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2006 was arguably the year of Mexican cinema, with some of the top movies of the year directed by a Mexican-born director. They are known as The Three Amigos. You had Guillermo Del Toro's Pan's Labyrinth (2006), Alfonso Cuaron's Children Of Men (2006), and finally, Alejandro Gonzalez Inarritu's Babel (2006).
I love Alejandro Gonzalez Inarritu's movies, at least, so far. His films weave a complex, rich narrative that is seldom seen these days. Nothing is ever taken for granted and his films manipulate you, show you bits and pieces of the hearts of men, and rely on your sustained attention and your intellect to make sense of things. And eventually, he draws your heart out with a bang. I completely resonnate with his view of the world that i perceive to be at the same time very pessimistic and dark, yet with, far away in a corner, an opening for hope.
Babel (2006) is no exception, and probably to date his most complex film, while also being his most entertaining. This time, the king of multi-dimentionalism offers us a story that spans 3 countries and 4 main characters that are bound by fate and chance in a story all too relevant with the state of the world today. Richard (Brad Pitt) and is wife Susan (Cate Blanchett) are traveling on vacation in Morroco with a Tour Bus when suddenly, Susan is shot by what looks like a sniper bullet. Immediately, the world turns to turmoil as the story about a terrorist attack against an American tourist in a Muslim country hits the media. A world away, Richard and Susan's nanny who knows nothing of all this trouble takes the two children over the border to Mexico where her son is getting married. On their way back after the wedding late at night, they get into trouble at the border and are forced to flee in the desert... Another world away, in Japan, a deaf high-school girl is oblivious to world politics and lives her life as a trouble teenager in a quest to find her sexuality. As the story progresses, we figure out that what looked at first like a terrorist attack was in fact nothing more than a prank turned bad by two kids, and that all the characters in the story, separated by worlds, are all linked in a karmic fate.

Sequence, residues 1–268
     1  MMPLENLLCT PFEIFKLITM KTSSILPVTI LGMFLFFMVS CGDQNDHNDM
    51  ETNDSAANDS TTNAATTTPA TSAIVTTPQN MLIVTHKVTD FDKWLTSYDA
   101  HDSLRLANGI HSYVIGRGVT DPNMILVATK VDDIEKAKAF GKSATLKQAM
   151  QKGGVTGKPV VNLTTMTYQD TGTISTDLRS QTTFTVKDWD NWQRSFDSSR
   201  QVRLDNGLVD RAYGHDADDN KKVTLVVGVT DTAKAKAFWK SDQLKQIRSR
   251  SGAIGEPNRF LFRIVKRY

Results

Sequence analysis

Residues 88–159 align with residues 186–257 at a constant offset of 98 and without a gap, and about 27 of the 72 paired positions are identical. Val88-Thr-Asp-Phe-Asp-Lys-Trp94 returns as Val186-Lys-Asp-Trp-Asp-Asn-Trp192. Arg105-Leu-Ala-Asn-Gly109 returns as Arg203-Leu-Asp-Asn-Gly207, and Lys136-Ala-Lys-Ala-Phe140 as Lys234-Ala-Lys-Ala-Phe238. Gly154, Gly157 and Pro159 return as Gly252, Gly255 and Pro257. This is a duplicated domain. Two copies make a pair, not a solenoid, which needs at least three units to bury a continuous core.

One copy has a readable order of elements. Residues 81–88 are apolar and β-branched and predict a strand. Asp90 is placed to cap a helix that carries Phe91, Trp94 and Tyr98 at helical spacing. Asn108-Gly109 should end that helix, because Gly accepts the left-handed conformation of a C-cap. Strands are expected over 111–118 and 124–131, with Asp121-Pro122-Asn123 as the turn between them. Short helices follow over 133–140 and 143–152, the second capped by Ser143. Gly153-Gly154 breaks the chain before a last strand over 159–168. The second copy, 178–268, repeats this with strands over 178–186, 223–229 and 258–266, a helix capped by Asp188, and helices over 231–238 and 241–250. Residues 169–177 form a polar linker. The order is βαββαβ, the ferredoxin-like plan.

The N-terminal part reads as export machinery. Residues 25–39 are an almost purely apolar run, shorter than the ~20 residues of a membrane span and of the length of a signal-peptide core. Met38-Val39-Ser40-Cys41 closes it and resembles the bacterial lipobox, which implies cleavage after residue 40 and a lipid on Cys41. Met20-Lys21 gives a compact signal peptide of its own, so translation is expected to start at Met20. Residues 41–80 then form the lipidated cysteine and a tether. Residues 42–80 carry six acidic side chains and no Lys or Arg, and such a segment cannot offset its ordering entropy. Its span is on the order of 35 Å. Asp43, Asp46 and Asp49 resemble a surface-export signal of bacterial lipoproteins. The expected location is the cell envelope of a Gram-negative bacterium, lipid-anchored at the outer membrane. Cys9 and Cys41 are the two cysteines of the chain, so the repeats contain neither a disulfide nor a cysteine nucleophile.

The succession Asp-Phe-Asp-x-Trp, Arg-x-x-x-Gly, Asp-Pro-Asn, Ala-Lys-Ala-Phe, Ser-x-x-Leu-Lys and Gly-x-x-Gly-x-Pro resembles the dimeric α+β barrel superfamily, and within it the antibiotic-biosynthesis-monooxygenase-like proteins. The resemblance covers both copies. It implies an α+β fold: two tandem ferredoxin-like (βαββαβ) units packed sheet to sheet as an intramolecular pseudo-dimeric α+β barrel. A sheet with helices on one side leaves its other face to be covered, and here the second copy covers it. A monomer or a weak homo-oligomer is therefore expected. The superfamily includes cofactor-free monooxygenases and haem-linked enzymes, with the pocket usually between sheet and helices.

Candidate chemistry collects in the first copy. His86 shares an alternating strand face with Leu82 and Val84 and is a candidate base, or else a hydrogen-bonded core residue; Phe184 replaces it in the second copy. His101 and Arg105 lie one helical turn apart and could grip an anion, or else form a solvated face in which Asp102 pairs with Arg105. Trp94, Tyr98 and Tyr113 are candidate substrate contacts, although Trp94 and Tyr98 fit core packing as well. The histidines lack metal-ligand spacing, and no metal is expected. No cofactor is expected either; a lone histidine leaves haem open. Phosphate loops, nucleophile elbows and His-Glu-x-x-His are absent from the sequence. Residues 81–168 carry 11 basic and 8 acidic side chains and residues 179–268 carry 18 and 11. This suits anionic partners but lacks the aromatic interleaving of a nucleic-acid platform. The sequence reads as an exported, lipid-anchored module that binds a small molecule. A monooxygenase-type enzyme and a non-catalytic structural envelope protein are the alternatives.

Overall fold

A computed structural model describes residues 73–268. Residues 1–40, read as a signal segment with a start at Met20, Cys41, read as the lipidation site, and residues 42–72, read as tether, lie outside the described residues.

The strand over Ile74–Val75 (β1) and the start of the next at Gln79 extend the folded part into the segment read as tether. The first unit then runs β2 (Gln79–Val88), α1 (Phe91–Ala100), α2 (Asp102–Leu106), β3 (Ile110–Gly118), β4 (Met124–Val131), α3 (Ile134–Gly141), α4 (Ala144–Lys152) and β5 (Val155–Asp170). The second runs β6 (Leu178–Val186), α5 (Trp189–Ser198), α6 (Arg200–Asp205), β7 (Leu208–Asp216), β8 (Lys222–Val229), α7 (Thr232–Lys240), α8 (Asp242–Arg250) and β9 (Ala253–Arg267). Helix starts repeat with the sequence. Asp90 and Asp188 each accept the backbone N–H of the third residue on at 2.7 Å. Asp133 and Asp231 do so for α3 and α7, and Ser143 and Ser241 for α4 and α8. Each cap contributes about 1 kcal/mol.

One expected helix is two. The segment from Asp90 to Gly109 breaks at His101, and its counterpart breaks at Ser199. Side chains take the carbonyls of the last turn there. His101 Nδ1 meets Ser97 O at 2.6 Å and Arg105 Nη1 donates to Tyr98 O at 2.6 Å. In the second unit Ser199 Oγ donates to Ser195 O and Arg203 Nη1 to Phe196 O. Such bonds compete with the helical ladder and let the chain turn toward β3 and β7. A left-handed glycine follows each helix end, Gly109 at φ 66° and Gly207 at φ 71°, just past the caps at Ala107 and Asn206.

This is one powerful film with one of a kind narrative structure, complex editing, top performance, and powerful visuals. The story is profound and will undoubtedly wheel you in up to its powerful emotional bang in the last minute of the film. I was taken aback.
- Laurent Hasson